F-lagstuf-f Japan streetwear fashion

Fly­ing the flag with Japan’s next big fash­ion brand

F-LAGSTUF-F is the Tokyo streetwear export, weaving its roots in the global fashion scene thanks to its eye-catching graphic tees and authentic skate roots.

The brain­child of Nobuyu­ki Muraya­ma, F-LAGSTUF-F is the by-prod­uct of a life­long obses­sion with ani­me, 90s US skate cul­ture and music. Think camp col­lar print­ed shirts, Amer­i­can-inspired graph­ics and strik­ing colour com­bos across a range of streetwear silhouettes. 

F-LAGSTUF-F’s sig­na­ture is the graph­ic tee. Thanks to Murayama’s for­mer posi­tion as head buy­er at cult Japan­ese vin­tage store Berber­Jin, the brand has a huge amount of ref­er­ences to take inspi­ra­tion from, built from years of trawl­ing Amer­i­can thrift shops and the vin­tage mec­ca of Tokyo’s Hara­juku district. 

A play on words, the name reflects the founder’s time spent trav­el­ling the city of Flagstaff, Ari­zona, sourc­ing rare vin­tage pieces and orig­i­nal band tees. While the vin­tage Amer­i­cana influ­ences can be felt in each col­lec­tion, the design­er stress­es that the col­lec­tions are not con­fined to any coun­try or genre. (The most recent drop went from tac­ti­cal mesh vests and Lar­ry Clark-inspired punk picas­so” tees, to a psy­che­del­ic pais­ley jacket.)

Stocked in bou­tique retail­ers such as END, GOOD­HOOD and Dover Street Mar­ket, F-LAGSTUF-F is ready to take-off. 

How did you first get involved in streetwear, then?

Through­out mid­dle school and high school, I was into skate cul­ture and played in a band, I guess in a nat­ur­al flow, I start­ed wear­ing brands like Supreme. At the time in Japan, there was the AIR­MAX craze and I remem­ber buy­ing the blue Air­max 95, that moment might have been the catalyst.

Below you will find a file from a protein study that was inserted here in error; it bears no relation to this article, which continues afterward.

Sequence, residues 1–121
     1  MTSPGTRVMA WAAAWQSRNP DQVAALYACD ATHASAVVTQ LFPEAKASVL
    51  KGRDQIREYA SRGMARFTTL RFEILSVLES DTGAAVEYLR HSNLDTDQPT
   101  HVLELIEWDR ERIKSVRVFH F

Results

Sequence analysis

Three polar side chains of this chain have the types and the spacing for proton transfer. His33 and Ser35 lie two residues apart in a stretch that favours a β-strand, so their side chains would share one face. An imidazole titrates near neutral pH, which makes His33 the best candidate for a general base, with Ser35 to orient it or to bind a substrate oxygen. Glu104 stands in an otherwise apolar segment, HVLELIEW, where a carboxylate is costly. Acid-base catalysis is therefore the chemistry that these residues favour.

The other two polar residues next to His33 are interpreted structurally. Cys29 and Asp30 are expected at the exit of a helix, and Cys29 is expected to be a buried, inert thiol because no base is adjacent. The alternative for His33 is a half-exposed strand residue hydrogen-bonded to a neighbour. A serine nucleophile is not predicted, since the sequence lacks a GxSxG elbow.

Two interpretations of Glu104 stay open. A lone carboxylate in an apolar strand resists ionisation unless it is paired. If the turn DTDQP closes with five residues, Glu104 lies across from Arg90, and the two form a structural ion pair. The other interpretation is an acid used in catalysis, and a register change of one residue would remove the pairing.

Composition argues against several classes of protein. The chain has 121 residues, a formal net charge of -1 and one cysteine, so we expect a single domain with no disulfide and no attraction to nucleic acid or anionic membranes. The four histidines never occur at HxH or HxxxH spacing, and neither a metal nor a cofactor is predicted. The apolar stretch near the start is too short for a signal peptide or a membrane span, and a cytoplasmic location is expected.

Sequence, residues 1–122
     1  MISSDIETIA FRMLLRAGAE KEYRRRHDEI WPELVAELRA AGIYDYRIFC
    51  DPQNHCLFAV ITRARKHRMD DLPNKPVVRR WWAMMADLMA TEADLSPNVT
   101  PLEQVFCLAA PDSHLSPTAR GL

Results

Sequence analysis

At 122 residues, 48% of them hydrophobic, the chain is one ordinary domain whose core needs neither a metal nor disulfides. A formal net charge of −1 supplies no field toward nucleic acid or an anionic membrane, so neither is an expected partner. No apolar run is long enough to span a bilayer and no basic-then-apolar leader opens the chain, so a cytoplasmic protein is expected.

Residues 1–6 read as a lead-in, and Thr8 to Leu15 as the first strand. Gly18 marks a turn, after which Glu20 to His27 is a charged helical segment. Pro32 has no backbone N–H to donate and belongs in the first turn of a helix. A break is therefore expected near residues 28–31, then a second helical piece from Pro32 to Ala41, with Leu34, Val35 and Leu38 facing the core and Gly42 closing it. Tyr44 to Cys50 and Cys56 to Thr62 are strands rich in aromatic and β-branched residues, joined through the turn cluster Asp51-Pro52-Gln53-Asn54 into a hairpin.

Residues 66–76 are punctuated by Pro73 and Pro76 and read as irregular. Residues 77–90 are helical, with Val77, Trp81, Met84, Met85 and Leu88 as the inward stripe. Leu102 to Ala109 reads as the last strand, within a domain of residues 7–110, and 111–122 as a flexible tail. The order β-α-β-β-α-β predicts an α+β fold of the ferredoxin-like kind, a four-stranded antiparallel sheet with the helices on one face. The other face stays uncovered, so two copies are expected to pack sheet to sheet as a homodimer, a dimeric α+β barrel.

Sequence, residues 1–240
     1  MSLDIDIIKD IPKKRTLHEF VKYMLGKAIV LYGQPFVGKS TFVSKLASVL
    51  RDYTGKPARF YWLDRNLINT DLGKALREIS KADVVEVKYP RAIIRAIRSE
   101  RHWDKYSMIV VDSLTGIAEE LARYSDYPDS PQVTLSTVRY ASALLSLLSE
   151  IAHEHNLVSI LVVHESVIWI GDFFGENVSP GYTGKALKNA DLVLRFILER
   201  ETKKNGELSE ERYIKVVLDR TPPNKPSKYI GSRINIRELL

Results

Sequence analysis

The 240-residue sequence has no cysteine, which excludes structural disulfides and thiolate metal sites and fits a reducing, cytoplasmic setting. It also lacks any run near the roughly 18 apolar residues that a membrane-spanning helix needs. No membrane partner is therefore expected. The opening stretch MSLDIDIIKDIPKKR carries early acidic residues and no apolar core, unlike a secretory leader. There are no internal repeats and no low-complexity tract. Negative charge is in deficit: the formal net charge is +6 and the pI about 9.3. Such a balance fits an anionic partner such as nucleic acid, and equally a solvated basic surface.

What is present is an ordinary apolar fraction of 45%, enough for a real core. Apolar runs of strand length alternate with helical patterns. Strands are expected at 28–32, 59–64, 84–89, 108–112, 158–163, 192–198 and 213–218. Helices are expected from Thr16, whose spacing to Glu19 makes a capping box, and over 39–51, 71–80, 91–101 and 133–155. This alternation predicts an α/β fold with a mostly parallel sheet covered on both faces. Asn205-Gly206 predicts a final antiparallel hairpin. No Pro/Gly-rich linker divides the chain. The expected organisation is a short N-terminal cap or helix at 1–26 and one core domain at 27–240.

You use to be a buy­er at BerBer­Jin. What were your favourite brands?

More so than brands, I came across a pletho­ra of vin­tage, and was real­ly into a lot of items from the true vin­tage” era (cir­ca. 1930 – 60s). I was very much into details that were dif­fer­ent. At the same time, I was also into band tees and film tees and that’s when I start­ed col­lect­ing them. I still do now.

How do you see the dif­fer­ence between Amer­i­can and Japan­ese streetwear?

With the SNS [social net­work­ing ser­vice] boom, it feels like there’s less of a dif­fer­ence glob­al­ly in recent years. But more so than a dif­fer­ence between Amer­i­can and Japan­ese streetwear, I think the dif­fer­ence boils down to each indi­vid­ual designer’s expe­ri­ences, feel­ings, under­stand­ing of cul­ture and the way in which they exe­cute their ideas. That’s prob­a­bly where you see the difference.

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What are your favourite stores around Tokyo?

For vin­tage, my favourite shops are LABORATORY/​BerBerJinR, Step Ahead, SKRO­VA, Arms Cloth­ing Store, and my favourite place to drink is Ikenoya.

Give us five bands you enjoy lis­ten­ing to while working. 

Bat­tles, Radio­head, Blur, Rage Against The Machine and Black Flag. I was lis­ten­ing to these all in day office today too.

What are you work­ing on at the moment? 

I’m work­ing on a fun project with London’s GOOD­HOOD for next year. The rest is a secret. 


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